I think as long as you prioritize decimal currency (penny, dime, dollar, $10 bill), you’re in pretty easy waters.

I think nickels, quarters half-dollars, and Fivers would make for good in-depth conversation, but I wonder if that’s best done in the latter part of the lesson, after they’ve had time to play a little and more robust instruction… once you think they understand the basics. A nice way to differentiate for your early finishers?

Full Disclosure:

As one of Christopher’s previous students, I submitted that very example of pennies/dollar units during my semester… It was my position that the Dollar was the unit. I argued similar positions, I belive (a “quarter” refered to the 1/4th ness) and the name wouldn’t be “dollar” if the base unit was the penny.

No surprises/spoilers here: Christopher had us explore the conversation, but didn’t impose a position on us.

and Michael, for what it’s worth – typing “ration” is universal it seems – thanks for coming out first.

AND look how we write it. $1.00

I’m no fun because I cannot pick one over the other. Fine, I’ll go with choice 1 that the dollar is the original unit. I mean as a math teacher I want to be receptive to lots of wiggle room in kids’ thinking. It’s more about how one defends her argument.

I would have to agree with Andrew (because of his name and) because of the names of the currency we use, and with Fawn about encouraging a good mathematical defense.

I wonder if the cent-as-a-unit mindset would really endure for a student much past 1 dollar though. Is someone who sees the cent as the unit really inclined to think of 100 dollars as 10,000 pennies, or are they unit switching? Is that a bad thing?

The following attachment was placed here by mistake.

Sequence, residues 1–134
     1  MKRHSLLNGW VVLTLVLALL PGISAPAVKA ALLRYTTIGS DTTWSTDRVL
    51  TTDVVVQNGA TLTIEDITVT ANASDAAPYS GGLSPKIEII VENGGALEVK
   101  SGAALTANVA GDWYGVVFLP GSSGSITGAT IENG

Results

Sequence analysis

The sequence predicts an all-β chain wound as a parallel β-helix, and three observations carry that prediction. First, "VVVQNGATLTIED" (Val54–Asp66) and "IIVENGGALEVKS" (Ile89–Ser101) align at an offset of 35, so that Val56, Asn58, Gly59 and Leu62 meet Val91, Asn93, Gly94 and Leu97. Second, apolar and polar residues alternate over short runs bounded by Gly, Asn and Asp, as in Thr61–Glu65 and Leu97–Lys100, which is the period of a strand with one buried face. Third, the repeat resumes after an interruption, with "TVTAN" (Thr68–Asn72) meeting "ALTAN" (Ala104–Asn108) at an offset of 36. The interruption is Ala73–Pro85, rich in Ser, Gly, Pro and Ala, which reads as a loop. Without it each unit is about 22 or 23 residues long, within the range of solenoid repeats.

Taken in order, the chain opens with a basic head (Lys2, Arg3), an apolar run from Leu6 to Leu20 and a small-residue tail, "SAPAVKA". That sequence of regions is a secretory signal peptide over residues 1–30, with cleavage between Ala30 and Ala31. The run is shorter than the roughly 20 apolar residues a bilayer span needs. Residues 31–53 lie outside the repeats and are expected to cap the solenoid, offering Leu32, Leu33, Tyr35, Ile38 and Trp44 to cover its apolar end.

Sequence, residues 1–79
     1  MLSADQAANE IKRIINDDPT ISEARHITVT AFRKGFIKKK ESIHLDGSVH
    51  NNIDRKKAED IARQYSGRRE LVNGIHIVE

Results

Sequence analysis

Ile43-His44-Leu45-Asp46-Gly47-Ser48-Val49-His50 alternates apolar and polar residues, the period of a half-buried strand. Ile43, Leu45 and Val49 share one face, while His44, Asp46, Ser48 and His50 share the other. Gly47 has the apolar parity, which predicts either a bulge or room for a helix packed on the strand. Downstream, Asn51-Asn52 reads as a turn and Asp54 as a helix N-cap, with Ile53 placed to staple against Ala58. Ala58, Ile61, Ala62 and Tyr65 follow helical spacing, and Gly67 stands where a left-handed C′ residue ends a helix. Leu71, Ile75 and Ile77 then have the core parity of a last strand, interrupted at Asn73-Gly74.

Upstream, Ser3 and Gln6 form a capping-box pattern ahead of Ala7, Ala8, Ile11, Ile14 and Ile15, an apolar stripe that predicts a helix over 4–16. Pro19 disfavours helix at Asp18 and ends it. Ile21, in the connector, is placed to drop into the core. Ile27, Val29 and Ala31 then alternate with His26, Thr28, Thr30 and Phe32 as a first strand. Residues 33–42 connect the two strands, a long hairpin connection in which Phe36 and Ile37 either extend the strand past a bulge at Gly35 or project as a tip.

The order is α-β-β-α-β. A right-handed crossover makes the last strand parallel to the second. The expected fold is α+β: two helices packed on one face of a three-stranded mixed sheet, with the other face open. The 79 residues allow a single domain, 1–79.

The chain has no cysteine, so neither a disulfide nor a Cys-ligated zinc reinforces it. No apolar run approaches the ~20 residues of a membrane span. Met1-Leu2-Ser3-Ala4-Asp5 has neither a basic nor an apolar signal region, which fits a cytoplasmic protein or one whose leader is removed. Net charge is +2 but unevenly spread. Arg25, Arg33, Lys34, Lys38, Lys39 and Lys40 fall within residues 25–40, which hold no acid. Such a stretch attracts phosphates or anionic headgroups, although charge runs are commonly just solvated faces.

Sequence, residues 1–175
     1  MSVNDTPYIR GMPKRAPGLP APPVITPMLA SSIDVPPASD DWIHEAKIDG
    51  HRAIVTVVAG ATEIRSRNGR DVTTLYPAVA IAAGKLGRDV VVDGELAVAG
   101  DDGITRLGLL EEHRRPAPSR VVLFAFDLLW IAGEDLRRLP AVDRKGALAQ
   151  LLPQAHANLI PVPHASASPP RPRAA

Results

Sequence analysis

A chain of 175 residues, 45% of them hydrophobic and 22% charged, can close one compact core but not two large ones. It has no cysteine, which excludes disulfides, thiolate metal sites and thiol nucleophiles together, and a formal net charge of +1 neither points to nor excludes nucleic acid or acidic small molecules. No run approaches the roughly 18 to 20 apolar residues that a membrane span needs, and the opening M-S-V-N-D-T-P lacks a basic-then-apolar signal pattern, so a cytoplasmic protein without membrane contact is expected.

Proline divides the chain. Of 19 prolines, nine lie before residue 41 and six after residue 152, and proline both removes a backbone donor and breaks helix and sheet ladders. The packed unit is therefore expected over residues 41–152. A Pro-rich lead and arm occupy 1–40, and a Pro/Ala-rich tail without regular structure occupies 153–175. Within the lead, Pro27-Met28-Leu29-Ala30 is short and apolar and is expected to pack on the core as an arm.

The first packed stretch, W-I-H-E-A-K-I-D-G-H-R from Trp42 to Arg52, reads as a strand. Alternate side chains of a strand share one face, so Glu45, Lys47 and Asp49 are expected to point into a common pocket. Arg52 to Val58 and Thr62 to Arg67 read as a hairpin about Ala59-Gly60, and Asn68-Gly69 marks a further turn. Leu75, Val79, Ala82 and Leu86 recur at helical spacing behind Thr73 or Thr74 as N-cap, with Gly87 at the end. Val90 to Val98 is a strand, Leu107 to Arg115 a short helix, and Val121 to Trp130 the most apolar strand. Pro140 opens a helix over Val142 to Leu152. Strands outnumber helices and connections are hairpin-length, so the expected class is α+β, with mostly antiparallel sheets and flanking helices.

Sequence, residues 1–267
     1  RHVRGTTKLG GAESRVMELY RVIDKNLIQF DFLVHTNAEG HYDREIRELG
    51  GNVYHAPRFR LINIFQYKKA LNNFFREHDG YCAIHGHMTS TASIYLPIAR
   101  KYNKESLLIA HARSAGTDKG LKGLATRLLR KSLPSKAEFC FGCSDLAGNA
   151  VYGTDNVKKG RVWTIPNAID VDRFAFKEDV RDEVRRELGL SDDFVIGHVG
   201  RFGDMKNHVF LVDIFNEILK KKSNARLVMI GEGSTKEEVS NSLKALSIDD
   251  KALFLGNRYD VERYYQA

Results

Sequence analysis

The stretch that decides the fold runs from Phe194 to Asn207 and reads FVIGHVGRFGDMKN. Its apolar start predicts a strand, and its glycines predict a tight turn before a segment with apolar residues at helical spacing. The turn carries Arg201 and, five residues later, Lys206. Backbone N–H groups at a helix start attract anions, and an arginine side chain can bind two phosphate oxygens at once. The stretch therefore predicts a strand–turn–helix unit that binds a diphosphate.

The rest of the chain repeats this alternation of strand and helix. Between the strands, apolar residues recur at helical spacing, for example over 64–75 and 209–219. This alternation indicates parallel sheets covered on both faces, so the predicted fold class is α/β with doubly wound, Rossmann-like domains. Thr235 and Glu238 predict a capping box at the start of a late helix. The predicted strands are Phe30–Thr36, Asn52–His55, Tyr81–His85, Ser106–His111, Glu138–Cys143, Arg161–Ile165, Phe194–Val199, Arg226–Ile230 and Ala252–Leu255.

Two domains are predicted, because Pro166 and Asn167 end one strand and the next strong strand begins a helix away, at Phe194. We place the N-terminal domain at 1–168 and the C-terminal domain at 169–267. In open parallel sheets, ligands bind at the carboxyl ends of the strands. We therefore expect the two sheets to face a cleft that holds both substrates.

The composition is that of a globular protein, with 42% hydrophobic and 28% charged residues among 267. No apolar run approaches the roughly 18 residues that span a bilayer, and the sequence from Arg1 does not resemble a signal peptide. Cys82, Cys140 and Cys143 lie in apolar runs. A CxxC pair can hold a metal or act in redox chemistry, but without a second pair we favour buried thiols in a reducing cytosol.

I prefer the dollar being the original unit and the cent being a partitioned unit. I do an entire “cubie” lab with a gallon ziploc of linking cubes, 10 in 10 columns. The bag is the whole, the cubes are 1/100, 1%, 0.01, etc. The students and I have great fun ‘fair sharing’ the one bag among a given number of friends. The fun begins with the cubes must be divided (8ths and 16ths). We go to the “cubie” bank and exchange a big cube for 8th’s and continue to fair shard. Helps students understand thousandths place.

I agree with Fawn: the dollar is the unit.

Mostly because…

A) I view a handful of change as not quite one whole unit. And

B) That’s HEAVILY the basis of how I teach place value to remedial CAHSEE students, and if that falls apart, I may have to live under the overpass in a cardboard box.

*CAHSEE is the California High School Exit Exam, one of the checkboxes to a high school diploma. It’s 7th and 8th grade math. I had my middle schoolers take it last year and 75% passed.

This post reminded me of a scene in Julie Brennan’s chapter, Tying It All Together, in the soon-to-be-published book,

Playing With Math: Stories from Math Circles, Homeschoolers, and Passionate Teachers. I’ve excerpted that scene on my Playing With Math Facebook page. You might enjoy it.Pingback: Tidbits | Overthinking my teaching